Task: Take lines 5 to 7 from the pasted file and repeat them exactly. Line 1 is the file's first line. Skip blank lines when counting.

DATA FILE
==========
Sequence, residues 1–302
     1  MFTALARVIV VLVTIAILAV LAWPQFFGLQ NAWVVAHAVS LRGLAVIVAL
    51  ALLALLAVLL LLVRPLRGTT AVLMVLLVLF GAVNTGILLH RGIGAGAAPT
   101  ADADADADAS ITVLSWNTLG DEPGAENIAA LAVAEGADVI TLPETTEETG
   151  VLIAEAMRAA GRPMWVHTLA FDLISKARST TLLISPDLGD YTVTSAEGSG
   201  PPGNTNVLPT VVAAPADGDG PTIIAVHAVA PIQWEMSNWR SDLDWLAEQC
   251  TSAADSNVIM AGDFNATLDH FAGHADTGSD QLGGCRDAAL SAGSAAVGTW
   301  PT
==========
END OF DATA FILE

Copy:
   151  VLIAEAMRAA GRPMWVHTLA FDLISKARST TLLISPDLGD YTVTSAEGSG
   201  PPGNTNVLPT VVAAPADGDG PTIIAVHAVA PIQWEMSNWR SDLDWLAEQC
   251  TSAADSNVIM AGDFNATLDH FAGHADTGSD QLGGCRDAAL SAGSAAVGTW